Un-clickable links are fine
if using a recent Firefox, just select all of the link and right-click on it. Very useful.
What I want to know is where's the middle?
There is no middle. Its space itself that is expanding and its expanding everywhere (I think).
First thing I thought
was "Why did they bother to include that totally rubbish video?"
Steganography would involve altering the pixels...
not so I think. Steganography means "hidden message" and a wide variety of methods of hiding messages are referred-to as steganography, for example concealing data in apparently corrupted packets that are part of a Skype voice call. Agreed, meta-data is pretty poor steganography but I think the term is valid.
surely you can simply refuse to raise the armrest: "I've paid for all of this seat and if you cannot fit in yours then it is your problem"?
person who joined The Register just to compare the Fire unfavourably with the iPad...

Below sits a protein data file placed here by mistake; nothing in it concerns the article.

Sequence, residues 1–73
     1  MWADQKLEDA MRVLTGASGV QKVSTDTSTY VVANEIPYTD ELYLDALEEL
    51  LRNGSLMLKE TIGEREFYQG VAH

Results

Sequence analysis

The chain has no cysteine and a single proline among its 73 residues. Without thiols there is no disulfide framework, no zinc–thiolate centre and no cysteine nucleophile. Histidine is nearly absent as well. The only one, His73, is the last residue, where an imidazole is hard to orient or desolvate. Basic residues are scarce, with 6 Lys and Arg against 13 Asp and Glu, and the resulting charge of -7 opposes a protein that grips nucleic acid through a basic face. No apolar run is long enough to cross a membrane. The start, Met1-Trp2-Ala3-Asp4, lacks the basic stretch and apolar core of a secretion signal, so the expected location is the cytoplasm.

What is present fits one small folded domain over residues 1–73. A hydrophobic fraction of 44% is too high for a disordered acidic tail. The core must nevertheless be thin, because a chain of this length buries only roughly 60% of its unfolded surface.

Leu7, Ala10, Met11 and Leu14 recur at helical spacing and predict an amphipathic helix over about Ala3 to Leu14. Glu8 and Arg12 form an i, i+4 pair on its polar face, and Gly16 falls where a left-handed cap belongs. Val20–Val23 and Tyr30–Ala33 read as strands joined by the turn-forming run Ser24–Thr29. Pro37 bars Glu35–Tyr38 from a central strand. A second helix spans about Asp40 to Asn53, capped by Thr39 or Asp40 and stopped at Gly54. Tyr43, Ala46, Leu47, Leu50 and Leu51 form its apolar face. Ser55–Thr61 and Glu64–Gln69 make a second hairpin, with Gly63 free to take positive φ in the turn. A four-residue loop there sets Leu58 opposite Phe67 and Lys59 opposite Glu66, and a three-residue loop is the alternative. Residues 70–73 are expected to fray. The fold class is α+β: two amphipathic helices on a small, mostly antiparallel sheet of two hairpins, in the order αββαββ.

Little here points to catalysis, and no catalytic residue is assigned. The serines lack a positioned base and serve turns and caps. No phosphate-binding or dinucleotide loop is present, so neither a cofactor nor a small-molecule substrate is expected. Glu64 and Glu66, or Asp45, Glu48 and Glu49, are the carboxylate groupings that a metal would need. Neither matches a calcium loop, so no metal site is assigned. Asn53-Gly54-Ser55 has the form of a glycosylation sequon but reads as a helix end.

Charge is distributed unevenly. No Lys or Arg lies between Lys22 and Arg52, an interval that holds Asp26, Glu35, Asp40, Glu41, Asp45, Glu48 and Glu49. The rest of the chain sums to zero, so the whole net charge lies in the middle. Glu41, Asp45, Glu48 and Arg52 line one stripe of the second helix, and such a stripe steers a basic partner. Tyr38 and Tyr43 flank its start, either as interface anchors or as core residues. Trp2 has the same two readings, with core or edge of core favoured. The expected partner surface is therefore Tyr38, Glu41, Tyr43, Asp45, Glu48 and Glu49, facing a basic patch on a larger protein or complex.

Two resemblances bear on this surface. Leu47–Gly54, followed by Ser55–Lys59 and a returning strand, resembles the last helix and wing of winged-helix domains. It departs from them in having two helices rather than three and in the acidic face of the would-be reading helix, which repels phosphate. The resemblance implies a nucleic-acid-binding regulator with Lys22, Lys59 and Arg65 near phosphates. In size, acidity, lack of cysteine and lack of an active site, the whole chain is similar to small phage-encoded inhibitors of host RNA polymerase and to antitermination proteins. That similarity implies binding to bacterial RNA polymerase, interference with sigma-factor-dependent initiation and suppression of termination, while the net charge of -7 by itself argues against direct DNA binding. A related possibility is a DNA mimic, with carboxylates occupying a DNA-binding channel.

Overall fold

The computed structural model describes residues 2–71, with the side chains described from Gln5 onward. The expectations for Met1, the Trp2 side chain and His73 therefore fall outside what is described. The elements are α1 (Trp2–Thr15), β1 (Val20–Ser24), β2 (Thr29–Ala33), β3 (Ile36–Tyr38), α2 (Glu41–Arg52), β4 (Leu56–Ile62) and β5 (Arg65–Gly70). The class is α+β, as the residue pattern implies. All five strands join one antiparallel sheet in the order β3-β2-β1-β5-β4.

All sorts of aggravating issues
The best one was when I converted the internal email server to Win-7 and allowed it to use V4 or V6. All the Win-7 clients in the building immediately switched to using V6 to make their POP3 connections. That was OK with Thunderbird but I found that Outlook (inevitably) says that the connection works but when it actually tries to use V6 it manages to fail. I had to enter the server V4 IP address in directly to get them to stop it.
And of course the ISP can't cope...
But my real bugbear is the Kerio Control firewall, which will not work with V6. The latest version at least does not kill it off internally but all external access is blocked and all attempts to get Kerio to commit to providing V6 support at any time in the future have failed. So I'm going to have to replace it with something - pity as it was really easy to work with - any suggestions?
Yeah, sad about Stanza
I wanted to upgrade my iPod touch to iOS5, but I can't unless I'm willing to kiss goodby to the 200+ books I've accumulated in Stanza.
There is a good reason for wireless